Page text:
Abstract: Incentive‐based strategies such as conservation easements and short‐term management agreements are popular tools for conserving biodiversity on private lands. Billions of dollars are spent by government and private conservation organizations to support land conservation. Although much of conservation biology focuses on reserve design, these methods are often ineffective at optimizing the protection of biological benefits for conservation programs. Our review of the recent literature on protected‐area planning identifies some of the reasons why. We analyzed the site‐selection process according to three important components: biological benefits, land costs, and likelihood of land‐use change. We compared our benefit‐loss‐cost targeting approach with more conventional strategies that omit or inadequately address either land costs or likelihood of land‐use change. Our proposed strategy aims to minimize the expected loss in biological benefit due to future land‐use conversion while considering the full or partial costs of land acquisition. The implicit positive correlation between the likelihood of land‐use conversion and cost of land protection means high‐vulnerability sites with suitable land quality are typically more expensive than low‐vulnerability sites with poor land quality. Therefore, land‐use change and land costs need to be addressed jointly to improve spatial targeting strategies for land conservation. This approach can be extended effectively to land trusts and other institutions implementing conservation programs.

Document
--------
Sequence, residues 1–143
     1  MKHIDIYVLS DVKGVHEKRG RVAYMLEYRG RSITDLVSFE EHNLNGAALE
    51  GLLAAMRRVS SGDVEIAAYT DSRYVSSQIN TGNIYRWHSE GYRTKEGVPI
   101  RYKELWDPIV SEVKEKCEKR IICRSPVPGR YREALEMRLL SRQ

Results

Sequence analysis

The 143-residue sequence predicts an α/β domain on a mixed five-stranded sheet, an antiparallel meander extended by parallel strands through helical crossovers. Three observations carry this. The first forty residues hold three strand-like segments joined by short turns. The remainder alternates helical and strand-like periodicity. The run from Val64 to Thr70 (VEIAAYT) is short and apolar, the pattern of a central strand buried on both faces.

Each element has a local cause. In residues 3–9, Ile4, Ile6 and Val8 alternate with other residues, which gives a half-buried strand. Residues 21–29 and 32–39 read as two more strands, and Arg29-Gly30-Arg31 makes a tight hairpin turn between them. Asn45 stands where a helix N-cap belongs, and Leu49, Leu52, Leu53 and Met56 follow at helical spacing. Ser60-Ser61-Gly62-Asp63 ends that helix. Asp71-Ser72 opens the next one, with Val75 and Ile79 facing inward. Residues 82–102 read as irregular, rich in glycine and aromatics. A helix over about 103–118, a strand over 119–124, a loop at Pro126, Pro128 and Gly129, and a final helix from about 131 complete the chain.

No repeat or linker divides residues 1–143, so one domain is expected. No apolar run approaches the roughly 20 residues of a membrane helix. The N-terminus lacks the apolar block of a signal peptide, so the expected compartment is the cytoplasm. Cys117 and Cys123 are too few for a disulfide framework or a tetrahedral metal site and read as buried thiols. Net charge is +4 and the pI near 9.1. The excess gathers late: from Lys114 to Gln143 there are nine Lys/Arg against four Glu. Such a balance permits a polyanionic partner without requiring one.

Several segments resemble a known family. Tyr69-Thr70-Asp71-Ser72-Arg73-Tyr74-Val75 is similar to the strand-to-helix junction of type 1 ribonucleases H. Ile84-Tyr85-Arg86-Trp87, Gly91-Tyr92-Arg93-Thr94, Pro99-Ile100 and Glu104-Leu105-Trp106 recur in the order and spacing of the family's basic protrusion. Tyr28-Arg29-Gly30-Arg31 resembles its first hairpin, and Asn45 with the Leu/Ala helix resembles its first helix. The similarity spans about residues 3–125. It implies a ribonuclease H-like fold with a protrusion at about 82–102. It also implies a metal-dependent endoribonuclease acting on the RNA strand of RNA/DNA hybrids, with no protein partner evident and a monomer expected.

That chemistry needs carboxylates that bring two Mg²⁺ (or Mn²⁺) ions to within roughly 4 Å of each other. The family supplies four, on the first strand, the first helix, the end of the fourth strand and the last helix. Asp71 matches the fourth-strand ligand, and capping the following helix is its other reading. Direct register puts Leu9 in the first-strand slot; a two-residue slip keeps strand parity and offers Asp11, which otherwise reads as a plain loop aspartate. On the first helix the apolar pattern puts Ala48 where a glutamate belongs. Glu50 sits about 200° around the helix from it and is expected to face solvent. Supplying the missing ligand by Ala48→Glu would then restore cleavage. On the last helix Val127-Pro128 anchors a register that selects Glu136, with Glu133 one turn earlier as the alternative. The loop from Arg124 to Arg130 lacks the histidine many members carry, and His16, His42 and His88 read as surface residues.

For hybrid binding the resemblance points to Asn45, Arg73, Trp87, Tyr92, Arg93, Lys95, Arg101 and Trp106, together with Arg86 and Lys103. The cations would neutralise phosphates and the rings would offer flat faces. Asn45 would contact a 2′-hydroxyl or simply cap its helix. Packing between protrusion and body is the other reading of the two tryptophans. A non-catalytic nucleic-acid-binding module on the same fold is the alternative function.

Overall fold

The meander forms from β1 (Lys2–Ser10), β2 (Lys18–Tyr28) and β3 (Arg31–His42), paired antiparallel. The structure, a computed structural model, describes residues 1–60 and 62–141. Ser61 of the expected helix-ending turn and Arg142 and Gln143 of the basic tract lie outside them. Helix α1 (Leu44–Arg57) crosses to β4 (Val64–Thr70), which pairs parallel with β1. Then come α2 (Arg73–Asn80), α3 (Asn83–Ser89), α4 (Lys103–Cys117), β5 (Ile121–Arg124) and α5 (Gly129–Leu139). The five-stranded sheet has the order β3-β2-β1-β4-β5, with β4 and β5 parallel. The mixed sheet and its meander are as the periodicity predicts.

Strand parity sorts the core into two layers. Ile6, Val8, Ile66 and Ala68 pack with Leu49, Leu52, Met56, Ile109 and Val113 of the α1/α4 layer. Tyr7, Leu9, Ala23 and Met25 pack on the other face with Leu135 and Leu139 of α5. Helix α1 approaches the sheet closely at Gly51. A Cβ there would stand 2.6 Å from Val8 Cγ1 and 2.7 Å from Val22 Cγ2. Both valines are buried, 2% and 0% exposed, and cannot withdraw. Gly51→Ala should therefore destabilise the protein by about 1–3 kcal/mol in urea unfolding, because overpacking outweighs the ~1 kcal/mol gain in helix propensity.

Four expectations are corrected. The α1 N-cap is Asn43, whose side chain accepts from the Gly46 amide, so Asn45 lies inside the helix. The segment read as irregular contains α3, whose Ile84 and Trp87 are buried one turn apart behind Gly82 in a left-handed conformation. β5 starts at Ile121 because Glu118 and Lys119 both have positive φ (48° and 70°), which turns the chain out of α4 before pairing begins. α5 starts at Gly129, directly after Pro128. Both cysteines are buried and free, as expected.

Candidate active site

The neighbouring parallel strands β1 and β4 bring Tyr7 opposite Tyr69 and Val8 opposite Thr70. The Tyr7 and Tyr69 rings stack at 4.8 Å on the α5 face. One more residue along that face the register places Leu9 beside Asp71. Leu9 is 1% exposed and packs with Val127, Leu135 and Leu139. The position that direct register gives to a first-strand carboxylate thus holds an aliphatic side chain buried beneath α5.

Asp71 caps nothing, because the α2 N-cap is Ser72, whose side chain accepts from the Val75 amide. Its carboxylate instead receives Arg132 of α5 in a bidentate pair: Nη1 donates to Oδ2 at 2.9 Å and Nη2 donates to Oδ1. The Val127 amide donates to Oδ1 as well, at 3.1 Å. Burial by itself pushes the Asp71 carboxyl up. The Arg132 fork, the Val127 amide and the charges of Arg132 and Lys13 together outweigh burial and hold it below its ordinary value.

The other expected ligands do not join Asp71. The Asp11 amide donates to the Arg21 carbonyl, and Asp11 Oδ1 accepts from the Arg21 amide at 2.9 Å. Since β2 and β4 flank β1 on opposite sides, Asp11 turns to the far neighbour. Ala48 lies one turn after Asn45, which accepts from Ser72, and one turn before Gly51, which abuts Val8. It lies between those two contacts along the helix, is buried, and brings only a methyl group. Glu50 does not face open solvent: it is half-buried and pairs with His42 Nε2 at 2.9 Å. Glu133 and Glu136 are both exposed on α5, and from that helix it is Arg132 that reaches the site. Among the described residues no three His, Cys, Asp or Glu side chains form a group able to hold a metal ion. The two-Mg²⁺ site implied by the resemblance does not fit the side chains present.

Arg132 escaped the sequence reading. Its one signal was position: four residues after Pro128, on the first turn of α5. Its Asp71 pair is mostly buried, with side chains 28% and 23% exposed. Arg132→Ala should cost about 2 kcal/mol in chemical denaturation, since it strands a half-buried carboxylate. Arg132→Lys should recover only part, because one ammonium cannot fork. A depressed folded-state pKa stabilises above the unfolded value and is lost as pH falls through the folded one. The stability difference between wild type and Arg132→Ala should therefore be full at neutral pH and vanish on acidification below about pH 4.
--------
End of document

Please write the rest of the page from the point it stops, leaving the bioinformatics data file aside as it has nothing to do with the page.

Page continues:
Conservation Biology – Wiley
Published: Oct 1, 2005
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